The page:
Strange places

mount everest

One April afternoon in 1978 the author Robert Silverberg heard what he called “the old familiar voice in my head whispering things to me.” Rushing into his office he reports scribbling this on the back of an envelope:

“The scene is a giant planet-sized city — an urban Big Planet, population of billions, a grand gaudy romantic canvas. The city is divided into vast subcities, each with its own characteristic tone. The novel is joyous and huge — no sense of dystopia.

“The book must be fun. Picaresque characters. Strange places – but all light, delightful, rafish [sic] …”

This was the germ of his idea for Lord Valentine’s Castle (1980), leading in time to a series of science fantasy novels set on the giant planet of Majipoor. I’ve already reviewed Kingdoms of the Wall (1993), a sort of prequel in all but name, and Tales of Majipoor (2013), a collection of novellas and short stories (aka ‘novelettes’); and am now planning a reread of the novels and of another, earlier short story collection called Majipoor Chronicles (1995). My reviews, I hope, will give a flavour of what I find attractive about the series for those who aren’t yet acquainted with it and, for those who do have that familiarity, perhaps provide a somewhat oblique view of why some of the entries in the sequence work better than others.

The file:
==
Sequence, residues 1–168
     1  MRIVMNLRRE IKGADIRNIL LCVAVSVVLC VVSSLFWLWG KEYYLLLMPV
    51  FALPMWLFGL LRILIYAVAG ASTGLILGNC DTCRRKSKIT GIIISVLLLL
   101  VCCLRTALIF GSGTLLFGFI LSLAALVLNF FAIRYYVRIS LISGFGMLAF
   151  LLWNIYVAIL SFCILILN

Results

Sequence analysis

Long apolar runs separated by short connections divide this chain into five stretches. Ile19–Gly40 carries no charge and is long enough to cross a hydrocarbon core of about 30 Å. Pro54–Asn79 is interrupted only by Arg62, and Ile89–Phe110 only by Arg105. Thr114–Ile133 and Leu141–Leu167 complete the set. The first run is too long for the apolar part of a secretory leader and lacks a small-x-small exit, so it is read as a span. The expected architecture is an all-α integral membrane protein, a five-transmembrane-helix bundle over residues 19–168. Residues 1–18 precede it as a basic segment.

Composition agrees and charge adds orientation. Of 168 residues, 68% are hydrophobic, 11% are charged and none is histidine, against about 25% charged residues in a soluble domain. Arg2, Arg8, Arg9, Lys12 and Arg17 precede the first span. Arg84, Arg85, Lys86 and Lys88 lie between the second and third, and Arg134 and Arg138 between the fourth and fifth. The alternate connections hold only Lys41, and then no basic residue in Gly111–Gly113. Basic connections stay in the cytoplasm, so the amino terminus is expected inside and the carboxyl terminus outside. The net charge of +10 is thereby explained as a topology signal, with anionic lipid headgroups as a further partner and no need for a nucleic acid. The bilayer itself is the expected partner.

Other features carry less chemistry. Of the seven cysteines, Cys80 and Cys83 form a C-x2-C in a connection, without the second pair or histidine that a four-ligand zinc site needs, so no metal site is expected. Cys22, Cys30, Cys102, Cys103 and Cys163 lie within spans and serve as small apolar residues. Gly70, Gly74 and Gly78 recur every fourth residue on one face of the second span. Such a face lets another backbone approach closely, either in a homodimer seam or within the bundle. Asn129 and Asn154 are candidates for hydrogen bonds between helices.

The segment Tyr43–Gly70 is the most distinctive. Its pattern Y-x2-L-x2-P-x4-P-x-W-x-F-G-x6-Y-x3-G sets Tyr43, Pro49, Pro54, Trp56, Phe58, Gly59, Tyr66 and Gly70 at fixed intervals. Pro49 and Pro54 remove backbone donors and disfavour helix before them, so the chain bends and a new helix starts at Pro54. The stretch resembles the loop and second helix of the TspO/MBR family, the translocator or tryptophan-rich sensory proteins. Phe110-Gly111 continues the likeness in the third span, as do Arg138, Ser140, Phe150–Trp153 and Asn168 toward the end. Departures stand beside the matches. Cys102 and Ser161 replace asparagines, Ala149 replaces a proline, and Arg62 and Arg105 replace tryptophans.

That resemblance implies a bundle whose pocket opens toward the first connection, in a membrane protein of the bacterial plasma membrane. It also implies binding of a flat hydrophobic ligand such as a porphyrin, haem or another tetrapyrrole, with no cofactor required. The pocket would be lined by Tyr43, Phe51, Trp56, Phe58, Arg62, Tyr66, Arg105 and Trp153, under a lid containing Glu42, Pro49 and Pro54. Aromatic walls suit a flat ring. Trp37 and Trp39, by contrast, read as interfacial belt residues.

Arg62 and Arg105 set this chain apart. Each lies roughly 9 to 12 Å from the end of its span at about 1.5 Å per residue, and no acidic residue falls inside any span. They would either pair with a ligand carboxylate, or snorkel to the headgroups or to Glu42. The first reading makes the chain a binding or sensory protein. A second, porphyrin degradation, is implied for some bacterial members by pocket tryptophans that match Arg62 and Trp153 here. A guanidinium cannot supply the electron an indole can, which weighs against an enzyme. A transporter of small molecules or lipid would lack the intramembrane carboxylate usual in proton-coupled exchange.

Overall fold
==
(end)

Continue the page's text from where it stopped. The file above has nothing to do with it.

Just as an introduction, let’s look at some of the qualities Silverberg enumerates for what turned out to be the first Majipoor novel:

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